According to mortgage risk analysis firm Loan Performance, a rapidly growing percentage of mortgages are interest only. Interest only mortgages allow a buyer to stretch their budget and afford more house than they could afford with a traditional mortgage.
In 2004, 31 percent of all mortgages were interest only, up dramatically from 13 percent in 2003 and 6 percent in 2002.
With an interest only 30 year mortgage, there is typically no amortization of the principal for the first 10 years -- but the entire principal has to be repaid in the last 20 years. This results in astronomically higher costs later in the life of the mortgage.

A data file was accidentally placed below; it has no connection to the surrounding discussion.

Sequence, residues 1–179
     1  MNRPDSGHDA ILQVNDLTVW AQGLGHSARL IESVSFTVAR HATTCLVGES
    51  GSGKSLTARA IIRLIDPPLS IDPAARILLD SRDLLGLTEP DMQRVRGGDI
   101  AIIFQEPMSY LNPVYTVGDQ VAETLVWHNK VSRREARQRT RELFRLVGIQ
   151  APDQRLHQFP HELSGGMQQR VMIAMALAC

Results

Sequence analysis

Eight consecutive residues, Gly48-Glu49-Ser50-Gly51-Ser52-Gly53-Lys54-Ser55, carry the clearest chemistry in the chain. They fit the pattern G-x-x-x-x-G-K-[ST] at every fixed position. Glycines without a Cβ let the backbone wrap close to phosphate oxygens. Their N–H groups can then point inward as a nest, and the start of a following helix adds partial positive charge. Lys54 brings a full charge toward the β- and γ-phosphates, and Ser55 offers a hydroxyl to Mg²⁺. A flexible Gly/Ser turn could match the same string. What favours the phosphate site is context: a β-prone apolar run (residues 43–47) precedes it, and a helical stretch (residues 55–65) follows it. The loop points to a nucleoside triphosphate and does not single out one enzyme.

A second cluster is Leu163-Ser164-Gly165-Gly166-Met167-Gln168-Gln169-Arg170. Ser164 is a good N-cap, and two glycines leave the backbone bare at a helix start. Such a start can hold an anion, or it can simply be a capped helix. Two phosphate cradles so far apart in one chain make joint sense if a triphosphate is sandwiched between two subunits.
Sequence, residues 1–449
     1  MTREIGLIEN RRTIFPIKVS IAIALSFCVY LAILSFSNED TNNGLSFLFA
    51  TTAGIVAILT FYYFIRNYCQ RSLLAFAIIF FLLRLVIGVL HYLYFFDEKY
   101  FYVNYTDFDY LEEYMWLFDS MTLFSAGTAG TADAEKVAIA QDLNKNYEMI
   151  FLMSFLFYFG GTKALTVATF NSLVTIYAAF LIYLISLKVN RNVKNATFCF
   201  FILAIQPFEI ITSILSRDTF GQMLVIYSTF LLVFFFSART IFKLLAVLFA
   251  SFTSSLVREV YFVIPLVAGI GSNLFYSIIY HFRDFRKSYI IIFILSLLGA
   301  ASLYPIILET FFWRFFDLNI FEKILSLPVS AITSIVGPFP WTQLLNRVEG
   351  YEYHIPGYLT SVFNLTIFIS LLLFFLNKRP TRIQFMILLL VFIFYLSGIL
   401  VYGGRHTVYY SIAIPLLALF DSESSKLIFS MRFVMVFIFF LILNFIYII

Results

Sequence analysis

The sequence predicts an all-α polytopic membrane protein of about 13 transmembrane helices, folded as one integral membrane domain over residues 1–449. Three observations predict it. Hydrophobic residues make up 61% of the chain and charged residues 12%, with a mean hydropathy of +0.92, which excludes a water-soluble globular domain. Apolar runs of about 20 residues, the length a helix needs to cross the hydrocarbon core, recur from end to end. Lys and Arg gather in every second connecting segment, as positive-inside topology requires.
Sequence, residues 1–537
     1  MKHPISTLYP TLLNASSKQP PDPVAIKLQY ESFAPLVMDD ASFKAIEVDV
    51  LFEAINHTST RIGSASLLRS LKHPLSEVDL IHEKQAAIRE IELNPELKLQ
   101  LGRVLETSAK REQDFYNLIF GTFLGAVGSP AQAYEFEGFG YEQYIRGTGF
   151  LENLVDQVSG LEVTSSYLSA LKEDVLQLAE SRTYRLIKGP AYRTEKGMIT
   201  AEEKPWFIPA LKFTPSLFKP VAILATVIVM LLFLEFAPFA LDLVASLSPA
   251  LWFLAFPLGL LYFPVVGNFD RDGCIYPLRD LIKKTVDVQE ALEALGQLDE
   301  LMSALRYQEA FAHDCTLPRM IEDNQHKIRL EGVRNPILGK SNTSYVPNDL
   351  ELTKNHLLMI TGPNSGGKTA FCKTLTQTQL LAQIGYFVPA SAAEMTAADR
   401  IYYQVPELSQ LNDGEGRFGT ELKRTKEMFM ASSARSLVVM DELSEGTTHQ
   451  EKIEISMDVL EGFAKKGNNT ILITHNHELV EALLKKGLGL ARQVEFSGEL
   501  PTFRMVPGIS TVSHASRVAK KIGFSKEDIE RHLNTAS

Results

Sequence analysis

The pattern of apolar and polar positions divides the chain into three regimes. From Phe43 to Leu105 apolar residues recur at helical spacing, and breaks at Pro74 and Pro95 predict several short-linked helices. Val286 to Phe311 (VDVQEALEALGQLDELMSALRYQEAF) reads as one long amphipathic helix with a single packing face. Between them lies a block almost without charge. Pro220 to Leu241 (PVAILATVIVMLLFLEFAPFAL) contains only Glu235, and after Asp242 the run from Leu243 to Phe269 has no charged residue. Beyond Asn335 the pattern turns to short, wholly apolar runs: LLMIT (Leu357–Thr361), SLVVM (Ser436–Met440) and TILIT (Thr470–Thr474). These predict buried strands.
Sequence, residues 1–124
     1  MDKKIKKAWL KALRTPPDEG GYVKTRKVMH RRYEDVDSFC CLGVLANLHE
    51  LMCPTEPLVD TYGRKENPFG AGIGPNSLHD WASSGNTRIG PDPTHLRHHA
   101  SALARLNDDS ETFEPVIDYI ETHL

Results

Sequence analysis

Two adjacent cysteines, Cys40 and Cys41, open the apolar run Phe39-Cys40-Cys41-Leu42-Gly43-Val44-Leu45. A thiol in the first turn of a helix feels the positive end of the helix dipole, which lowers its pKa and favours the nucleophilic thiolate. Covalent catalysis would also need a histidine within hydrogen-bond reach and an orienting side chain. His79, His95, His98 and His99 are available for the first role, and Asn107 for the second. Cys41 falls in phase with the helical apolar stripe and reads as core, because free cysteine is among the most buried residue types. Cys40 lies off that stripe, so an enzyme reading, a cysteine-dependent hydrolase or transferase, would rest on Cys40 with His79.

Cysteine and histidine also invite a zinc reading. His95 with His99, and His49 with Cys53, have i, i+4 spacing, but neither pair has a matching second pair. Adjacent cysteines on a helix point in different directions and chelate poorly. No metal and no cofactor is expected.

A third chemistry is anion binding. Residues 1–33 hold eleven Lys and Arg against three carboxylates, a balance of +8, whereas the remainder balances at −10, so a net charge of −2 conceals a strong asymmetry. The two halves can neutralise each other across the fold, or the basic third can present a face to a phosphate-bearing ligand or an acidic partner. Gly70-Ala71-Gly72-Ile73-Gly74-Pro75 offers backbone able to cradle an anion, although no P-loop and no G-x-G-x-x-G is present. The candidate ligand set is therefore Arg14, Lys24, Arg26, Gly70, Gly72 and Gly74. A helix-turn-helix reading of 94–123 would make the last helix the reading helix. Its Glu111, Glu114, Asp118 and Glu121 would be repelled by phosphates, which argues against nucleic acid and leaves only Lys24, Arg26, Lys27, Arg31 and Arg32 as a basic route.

I was shocked to read that over 50 percent of new mortgages issued in Georgia in 2004 were of the interest only variety. With pensions being phased out, Social Security in doubt and now interest only mortgages becoming increasingly popular, one has to wonder what the future will be like for today's young families when they reach retirement age.
A Growing Tide of Risky Mortgages [Business Week]